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Billy Bush Biography


Home > Actors > B > Bush, Billy > Biography


Birth Name: Billy Bush
Born: 10/13/1971


Born William Hall "Billy" Bush on Oct. 13.1971, the future entertainment anchor grew up in Rhode Island and attended St. George's School, before moving on to Colby College in Waterville, ME, where he majored in International Studies and Government. He also competed on the men's lacrosse team, where he was a two-time captain. It was in college, where Bush admitted to being a mediocre student, that he developed an interest in and an aptitude for broadcasting. In his senior year, he began working as a DJ at the campus radio station when the bug took hold. Upon graduation, he continued in the field, taking a low-paying gig as a disc jockey at a small oldies station in Guilford, NH, which he supported with a day job selling ads for the station. Despite the long hours and low frills, Bush knew he was hooked for good.

Intent on moving forward with his fledgling broadcast career, Bush made a tape of his show and sent it around to radio stations in larger markets. In no time, a classic rock station in Washington, D.C. called and offered him a job. Within a couple of months of hosting their daily talk program, Bush won the Washington Air Award for emerging talent. He was then promptly snapped up by a start-up top-40 station for the prime morning-drive slot - a new show called "Billy Bush and the Bush League Morning Show." Soon enough, Bush began cultivating the wily on-air personality that would serve him well - and ruffle a few feathers in the process. From the beginning, he downplayed his connection to the Bush political family, to the point of insisting that it not be used to market him or his show. He refrained from political viewpoints as well, and focused on entertainment and personalities.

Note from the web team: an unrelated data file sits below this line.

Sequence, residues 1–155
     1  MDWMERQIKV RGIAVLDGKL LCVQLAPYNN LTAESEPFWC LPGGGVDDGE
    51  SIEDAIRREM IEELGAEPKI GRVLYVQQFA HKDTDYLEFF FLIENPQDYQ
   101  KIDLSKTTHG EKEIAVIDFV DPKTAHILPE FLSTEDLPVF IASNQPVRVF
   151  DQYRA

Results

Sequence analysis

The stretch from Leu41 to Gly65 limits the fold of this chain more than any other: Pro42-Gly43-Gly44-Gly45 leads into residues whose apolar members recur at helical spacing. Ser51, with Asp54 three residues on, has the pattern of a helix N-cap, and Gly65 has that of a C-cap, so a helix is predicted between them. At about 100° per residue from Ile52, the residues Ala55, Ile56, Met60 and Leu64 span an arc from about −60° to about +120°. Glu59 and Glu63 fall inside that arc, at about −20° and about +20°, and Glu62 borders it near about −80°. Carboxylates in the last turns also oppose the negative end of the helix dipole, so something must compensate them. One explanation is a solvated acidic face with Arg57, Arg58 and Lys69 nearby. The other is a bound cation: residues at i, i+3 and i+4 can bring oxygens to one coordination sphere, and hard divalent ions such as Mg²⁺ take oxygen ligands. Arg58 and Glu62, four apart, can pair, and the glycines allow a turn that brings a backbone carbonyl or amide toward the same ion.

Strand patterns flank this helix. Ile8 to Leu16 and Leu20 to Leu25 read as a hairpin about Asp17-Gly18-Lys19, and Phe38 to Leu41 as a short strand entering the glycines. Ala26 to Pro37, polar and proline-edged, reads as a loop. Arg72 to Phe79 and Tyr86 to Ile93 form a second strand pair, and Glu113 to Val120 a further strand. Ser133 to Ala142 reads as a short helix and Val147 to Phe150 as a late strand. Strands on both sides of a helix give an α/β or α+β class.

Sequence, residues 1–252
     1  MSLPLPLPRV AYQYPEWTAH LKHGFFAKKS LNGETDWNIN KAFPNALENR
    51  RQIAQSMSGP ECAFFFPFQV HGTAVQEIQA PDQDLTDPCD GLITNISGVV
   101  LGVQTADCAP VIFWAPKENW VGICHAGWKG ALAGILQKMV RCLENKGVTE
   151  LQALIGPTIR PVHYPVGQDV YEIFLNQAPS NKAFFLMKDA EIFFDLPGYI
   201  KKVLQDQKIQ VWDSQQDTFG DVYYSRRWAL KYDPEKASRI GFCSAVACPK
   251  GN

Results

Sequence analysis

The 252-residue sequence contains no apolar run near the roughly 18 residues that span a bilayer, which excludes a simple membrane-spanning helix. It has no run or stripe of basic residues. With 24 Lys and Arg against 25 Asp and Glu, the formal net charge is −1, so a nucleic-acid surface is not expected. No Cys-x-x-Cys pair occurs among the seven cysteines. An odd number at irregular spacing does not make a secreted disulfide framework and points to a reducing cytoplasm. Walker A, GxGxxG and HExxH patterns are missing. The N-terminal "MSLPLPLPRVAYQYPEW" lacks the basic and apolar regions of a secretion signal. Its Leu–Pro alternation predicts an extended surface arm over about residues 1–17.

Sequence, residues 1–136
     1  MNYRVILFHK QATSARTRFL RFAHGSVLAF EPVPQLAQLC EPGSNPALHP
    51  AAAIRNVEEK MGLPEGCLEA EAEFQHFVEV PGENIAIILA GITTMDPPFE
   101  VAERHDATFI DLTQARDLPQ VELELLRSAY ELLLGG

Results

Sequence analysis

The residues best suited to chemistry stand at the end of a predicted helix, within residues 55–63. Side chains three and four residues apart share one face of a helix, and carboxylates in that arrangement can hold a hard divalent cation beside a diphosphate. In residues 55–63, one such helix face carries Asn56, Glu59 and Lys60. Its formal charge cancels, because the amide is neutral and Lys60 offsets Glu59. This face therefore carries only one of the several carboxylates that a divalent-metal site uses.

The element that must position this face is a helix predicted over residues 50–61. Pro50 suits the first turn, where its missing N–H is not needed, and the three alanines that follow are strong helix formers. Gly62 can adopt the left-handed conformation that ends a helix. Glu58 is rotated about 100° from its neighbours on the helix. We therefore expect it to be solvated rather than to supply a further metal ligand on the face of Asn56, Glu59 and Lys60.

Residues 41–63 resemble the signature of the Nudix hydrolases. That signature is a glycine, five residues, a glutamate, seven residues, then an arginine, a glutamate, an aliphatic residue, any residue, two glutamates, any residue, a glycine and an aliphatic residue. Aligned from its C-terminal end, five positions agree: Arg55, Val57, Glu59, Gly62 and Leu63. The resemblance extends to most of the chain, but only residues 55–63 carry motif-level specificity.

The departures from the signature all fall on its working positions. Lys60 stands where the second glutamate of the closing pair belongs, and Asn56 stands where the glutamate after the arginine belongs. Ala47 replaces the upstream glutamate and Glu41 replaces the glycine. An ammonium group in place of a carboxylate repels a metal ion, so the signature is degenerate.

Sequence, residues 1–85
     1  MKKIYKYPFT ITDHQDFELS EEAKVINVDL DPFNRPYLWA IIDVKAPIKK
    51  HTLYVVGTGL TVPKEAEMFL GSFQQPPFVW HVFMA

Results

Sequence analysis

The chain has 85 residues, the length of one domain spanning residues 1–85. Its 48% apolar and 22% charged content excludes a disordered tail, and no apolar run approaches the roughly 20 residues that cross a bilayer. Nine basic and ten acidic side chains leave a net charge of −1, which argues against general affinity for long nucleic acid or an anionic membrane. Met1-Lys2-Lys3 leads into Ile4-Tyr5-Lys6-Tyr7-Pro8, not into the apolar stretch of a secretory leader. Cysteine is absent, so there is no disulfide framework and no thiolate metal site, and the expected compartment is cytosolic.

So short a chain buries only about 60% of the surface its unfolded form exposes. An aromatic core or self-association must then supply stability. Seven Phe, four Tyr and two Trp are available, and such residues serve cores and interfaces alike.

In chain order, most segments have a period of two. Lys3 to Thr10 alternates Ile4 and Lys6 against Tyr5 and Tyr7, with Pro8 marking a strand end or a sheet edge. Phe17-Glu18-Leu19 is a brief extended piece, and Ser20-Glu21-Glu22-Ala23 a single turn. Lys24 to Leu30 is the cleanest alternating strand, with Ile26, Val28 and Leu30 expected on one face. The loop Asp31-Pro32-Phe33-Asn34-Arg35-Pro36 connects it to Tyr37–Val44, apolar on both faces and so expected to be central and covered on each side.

In 2001, Bush made his first television appearance with an interview on "Extra," (NBC, 1994- ). This interview caught the attention of the news director of the NBC affiliate in Washington, who promptly offered him a job for their own morning show. Gravitating effortlessly toward TV, Bush made enough of an on-air impact to get asked to become an East Coast correspondent on the entertainment news program, "Access Hollywood." At the same time, he was offered a job to co-anchor a newscast with Paula Zahn CNN, to be a co-anchor of a newscast with Paula Zahn. Bush let the sheer numbers of network television viewers do the deciding for him, and he accepted the NBC job.

Firmly ensconced in the television world, Bush that same year served as a correspondent for NBC's "The Today Show" (1952- ). And in 2003, he hosted a short-lived new version of "Let's Make a Deal" for the network. He parlayed his rising fame into co-hosting the Miss Universe pageant, from 2003-2005, with his "Access" co-stars, as well as hosting the Miss USA pageant three times by himself during the same time frame.

By 2004, Bush moved opposite Nancy O'Dell to take the co-host slot, taking over for Pat O'Brien. As he grew comfortable in his position, Bush said that he believed that the world of sound bites was better suited to him - and in many ways easier - than filling hours of air time every day on the radio, with a much smaller staff.

Bush drew plenty of ire with his playful, often provocative interview style, asking pointed questions to Britney Spears and Penelope Cruz about their respective boyfriends, and even asking Jennifer Lopez how she felt about her notorious posterior - he even lampooned in 2004 on "Late Night with Conan O'Brien" (NBC, 1994- ). On the big screen, he acknowledged his persona with an appearance as himself in the 2004 remake of "The Stepford Wives."